Buddhist Temple to host Obon festival Saturday
The Buddhist Temple of Alameda will host its 2014 Obon Festival, which honors the spirits of ancestors, on Saturday.
The free event will begin with a mini food bazaar at 4 p.m. that will include hot dogs and hamburgers, as well as udon and teriyaki. The "bon odori," a dance traditionally performed during the festival, will take place at 7:30 p.m.
The temple is at 2325 Pacific Ave. For information, visit www. btoa.org.
Ex-S.F. Mayor Brown to speak in Alameda
Former San Francisco Mayor Willie Brown will be the speaker during the City of Alameda Democratic Club's Seventh Annual Garden Party at the Muir House, 1004 Paru St.
The Sunday event, which will feature light refreshments and a silent auction, will take place from noon to 3 p.m. Brown will speak at 1 p.m. Other local politicians are also expected to attend.
Tickets, which are $45 for club members and $75 for non-members, are available by mailing a check to CADC, P.O. Box 2723, Alameda, Calif., 94501.
Meeting set on proposal for Cross Alameda Trail
A community meeting on the proposed Cross Alameda Trail along Ralph Appezzato Memorial Parkway will take place 6:30 p.m. Monday in Conference Room 201 at City Hall West, 950 West Mall Square at Alameda Point.
The trail would run parallel to and south of the parkway for about one mile between Webster and Main streets through an abandoned railroad right-of-way. It would be by walkers, cyclists and joggers.
The meeting will include a review of the draft proposed project concept. People who do not attend the meeting can submit written comments to Gail Payne, transportation coordinator, at City Hall West, 950 West Mall Square, Room 110, Alameda, Calif. 94501 or by e-mail at firstname.lastname@example.org.
For information, call Payne at 510-747-7948. The city's Transportation Commission is tentatively scheduled to review the final draft proposed project concept on Sept. 24.
Annual street repair, resurfacing to begin
The city's annual street repair and resurfacing project will begin in late July and is expected to be finished by early September. The work will take place from 8 a.m. to 5 p.m. Monday through Friday.
During construction, motorists will experience minor disruptions in traffic, temporary loss of parking spaces, temporary restricted street access, as well as an increase in noise and dust levels. It is also possible that on-street parking will be removed for up to one week during the work, according to city officials. Bus stop access will be maintained throughout the project.
Among the streets where the work will take place are Central Avenue, Robert Davey Jr. and Otis drives, Willow and Chestnut streets and Buena Vista Avenue. For information, call Trung Nguyen at 510-747-7900.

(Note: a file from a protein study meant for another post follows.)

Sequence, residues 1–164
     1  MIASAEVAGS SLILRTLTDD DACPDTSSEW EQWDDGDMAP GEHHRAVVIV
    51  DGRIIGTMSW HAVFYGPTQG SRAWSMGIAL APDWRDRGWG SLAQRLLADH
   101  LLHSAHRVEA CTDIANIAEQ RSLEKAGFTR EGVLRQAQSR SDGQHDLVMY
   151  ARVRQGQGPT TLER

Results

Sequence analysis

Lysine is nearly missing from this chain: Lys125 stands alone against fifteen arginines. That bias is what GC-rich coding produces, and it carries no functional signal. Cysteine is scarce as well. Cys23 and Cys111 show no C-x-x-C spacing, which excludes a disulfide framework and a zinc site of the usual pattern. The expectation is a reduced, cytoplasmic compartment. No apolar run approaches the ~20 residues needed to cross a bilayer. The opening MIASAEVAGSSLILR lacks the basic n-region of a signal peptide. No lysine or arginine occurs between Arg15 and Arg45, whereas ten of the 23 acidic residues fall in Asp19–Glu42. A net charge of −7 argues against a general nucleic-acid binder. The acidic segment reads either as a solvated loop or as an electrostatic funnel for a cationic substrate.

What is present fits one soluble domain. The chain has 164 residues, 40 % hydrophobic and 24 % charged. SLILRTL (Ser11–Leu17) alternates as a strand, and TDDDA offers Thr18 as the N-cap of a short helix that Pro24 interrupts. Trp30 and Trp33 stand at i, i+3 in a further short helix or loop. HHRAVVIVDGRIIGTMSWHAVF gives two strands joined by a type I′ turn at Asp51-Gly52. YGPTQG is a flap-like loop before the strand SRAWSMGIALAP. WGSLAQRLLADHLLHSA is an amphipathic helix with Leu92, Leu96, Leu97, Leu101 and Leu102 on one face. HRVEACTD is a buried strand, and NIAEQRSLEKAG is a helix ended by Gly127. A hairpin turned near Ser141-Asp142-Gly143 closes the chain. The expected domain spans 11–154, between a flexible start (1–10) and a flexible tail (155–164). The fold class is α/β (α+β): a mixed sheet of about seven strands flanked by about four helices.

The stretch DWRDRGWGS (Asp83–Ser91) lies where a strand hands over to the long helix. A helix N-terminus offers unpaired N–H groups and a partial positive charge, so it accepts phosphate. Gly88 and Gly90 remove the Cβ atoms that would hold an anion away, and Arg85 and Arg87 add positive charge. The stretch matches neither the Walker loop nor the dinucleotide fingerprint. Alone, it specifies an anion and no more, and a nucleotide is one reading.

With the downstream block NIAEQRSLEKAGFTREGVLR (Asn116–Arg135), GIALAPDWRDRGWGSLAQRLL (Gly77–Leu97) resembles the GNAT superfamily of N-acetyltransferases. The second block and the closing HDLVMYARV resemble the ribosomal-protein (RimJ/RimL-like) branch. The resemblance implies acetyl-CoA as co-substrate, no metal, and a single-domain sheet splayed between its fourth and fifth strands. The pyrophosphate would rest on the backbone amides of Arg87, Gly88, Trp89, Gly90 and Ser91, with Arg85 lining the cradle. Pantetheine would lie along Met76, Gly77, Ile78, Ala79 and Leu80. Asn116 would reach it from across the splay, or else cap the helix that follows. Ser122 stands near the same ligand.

Group of artists picked for city's utility boxes
Alameda Municipal Power has announced the artists selected to beautify the utility's transformer boxes in the Park Street business area as part of its "Power Box Art project," a partnership with the Park Street Business Association and Rhythmix Cultural Works.
The selected artists are Emily Bonnes, Delena Britnell, Nancy Crookston, Flavia Krasilchik, Clare Rickard, Chris Rummel, Stephen Seche, Jessica Warren, and Wesley Warren. Six-year-old Lars Petersen III was selected in the student category. All artists are Alameda residents.
Mayor Marie Gilmore, Public Utilities Board President Madeline Deaton, Alameda Sun Editor Eric Kos, Alameda artist and Cal State East Bay instructor Dickson Schneider, and Park Street Business Association representative Julie Baron of Julie's Coffee & Tea Garden chose the artists from more than 100 submissions.
Each artist's work reflects ways in which the community can reduce its carbon footprint through renewable power sources, cleaner transportation, recycling and reuse, shopping local, supporting farmers' markets, or water and energy conservation.
The artwork will be unveiled on the transformers on Sept. 12, when a free celebration at Rhythmix-K Gallery will also show the works of the artists along and all of the submissions. For information, visit www.alamedamp.com/art.
City offers emergency alerts through Nixle
The city is now using Nixle to provide instant alerts to the community for public safety events and other significant community issues.
For many years, the city used a similar service that only dialed landline telephones. Nixle uses technology that provides instant outreach via telephone, cell phone, text message, email, Facebook, Twitter and the Internet.
The alerts can be sent citywide or only to certain neighborhoods, depending on the situation. There are three levels of messaging that are typically sent: alert messages, advisory messages and community messages. To receive alerts via mobile devices and social media, people must sign-up by texting their ZIP code (94501 or 94502) to "888-777."
People can also sign up via the Internet at: http://local.nixle.com/register where there are options for where you want alerts sent -- home phone only, cell phone or both. Residents and businesses will continue to receive emergency alert messages via their landline phones automatically.